Thathi | Bielema puts a stamp of protection on the Illini | Sports

  Thathi |  Bielema puts a stamp of protection on the Illini |  Sports

Way too many. Opponents had a choice: run or pass. Both worked.

After getting their feet on the ground, the Illini have given up (in regulation) 20, 13, 14, 24, 10, 20 and six points in seven straight Big Ten games … with many of the same players who made up the porous unit last year.

These eight have played starring roles — Joseph with four interceptions, Brown with nine tackles in the near-shutout at Minnesota, Randolph and Newton with physical mobility in the revised five-man front, and so on.

And better yet — this is important — most of these suddenly efficient front-liners will have eligibility remaining. Like second-year tackles Keith Randolph Jr. and Jer’Zhan Newton, linebackers Khalan Tolson and Tarique Barnes and defensive backs Devon Witherspoon, Kerby Joseph, Sydney Brown and Jartavius Martin.

Story Highlights

  • A defensive specialist, Smith could never get it right. Even with a COVID-19 outbreak causing cancellation of last November’s date with high-scoring Ohio State, the 2-6 Illini team permitted 34.9 points per game.

  • So it is no small accomplishment that Bret Bielema has put a new, defensive face on the program, winning a historic 20-18 nine-overtime game at Penn State that is a sharp contrast to last year’s 56-21 season-ending road loss to the Nittany Lions.

Suddenly, those selecting all-conference teams must take a hard look at Witherspoon, Joseph and heretofore unnoticed Illini.

Meeting of the minds

Oh, it hasn’t all been peaches and cream. The Illini gave up the lead in permitting fourth-quarter TD marches by Maryland, Purdue and Rutgers, two of them in the very late stages. To be fair, a little more offense — maybe a fourth-down success or two — could have reversed those narrow setbacks. But it has been a magical defensive surge, and maybe we should we should look at the schemers.

Bielema rose as a defensive coordinator at Wisconsin. Illinois coordinator Ryan Walters handled Missouri’s defense the last three years. Associate head coach Kevin Kane spent the last five years as defensive coordinator at Northern Illinois and SMU, and linebackers coach Andy Buh has been a coordinator at Stanford, Nevada, Cal, Maryland and Rutgers. All these fellows have run their own defensive operations before joining forces here. Keeping them together is critical for the future.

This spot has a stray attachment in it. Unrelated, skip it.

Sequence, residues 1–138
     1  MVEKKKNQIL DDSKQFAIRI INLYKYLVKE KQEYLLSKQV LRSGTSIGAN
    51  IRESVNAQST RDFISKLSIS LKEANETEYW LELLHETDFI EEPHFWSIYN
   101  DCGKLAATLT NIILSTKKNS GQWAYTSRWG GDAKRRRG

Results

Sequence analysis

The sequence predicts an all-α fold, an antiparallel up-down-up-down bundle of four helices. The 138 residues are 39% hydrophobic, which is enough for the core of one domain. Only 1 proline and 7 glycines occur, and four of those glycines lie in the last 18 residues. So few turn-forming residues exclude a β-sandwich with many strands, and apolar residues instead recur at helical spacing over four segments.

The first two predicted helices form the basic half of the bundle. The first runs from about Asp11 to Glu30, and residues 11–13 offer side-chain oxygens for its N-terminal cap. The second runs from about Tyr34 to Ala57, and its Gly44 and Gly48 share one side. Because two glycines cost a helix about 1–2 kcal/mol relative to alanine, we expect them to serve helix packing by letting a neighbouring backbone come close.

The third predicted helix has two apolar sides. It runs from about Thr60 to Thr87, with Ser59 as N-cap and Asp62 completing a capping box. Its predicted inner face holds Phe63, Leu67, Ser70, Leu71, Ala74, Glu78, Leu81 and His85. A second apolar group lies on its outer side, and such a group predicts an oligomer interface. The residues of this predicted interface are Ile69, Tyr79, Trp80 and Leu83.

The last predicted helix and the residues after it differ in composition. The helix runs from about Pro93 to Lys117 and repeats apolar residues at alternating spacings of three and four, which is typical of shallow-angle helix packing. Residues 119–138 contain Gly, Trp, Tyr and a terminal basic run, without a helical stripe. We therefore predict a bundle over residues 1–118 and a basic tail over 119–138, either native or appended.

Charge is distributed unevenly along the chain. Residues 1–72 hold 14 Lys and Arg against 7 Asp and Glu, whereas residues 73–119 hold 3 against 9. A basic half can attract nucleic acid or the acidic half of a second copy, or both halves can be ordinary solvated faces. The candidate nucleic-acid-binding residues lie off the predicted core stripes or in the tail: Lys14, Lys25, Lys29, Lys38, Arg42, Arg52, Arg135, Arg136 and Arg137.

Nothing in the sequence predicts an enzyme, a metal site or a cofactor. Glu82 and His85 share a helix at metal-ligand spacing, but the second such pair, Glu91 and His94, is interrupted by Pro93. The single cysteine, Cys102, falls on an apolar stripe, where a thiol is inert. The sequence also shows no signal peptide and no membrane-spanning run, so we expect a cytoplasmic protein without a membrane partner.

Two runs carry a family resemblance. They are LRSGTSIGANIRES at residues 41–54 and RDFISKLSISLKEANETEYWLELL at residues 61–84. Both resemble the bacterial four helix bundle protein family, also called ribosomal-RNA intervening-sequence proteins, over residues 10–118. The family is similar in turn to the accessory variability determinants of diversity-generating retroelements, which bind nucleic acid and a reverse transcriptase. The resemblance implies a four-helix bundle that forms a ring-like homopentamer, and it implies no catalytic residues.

Building beyond 2021 On a related issue, Bielema found himself in a media fuss several weeks ago following his statement on the difficulty of finding replacements for the departing “super seniors” in the offensive line — Doug Kramer, Vederian Lowe, Alex Palczewski and transfers Blake Jeresaty and Jack Badovinac.

Not falling within the three-year period is Alex Pihlstrom, a 2017 walk-on who has seen front-line action this season, and could return. Verdis Brown, a former starter on offense, was moved to defense this season. Also of note, 2018 signee Jordyn Slaughter, a promising prospect, was injured this season. Showing promise for the future are several freshmen. Josh Kreutz, son of former Chicago Bears center Olin Kreutz, stacks up as a possible replacement for Kramer, and 300-pound freshmen Brody Wisecarver, Zach Barlev and Josh Gesky will receive a strong look. Barlev was part of the nine-man front that manhandled Penn State.

Long gone from the 2018 scholarship class are Kievan Myers and Reuben Unije. Gone from 2019 is Richie Petitbon, a one-year transfer from Alabama. Leaving early from 2020 are Kevin Tyler, Phifer Griffin, Blaise Sparks and transfer Brevyn Jones. He pointed out that the 2018, 2019 and 2020 classes provided essentially no one recruited as an offensive linemen who has met his standards. The lone offensive line starter from those classes is Danville’s Julian Pearl, originally recruited as a defensive end.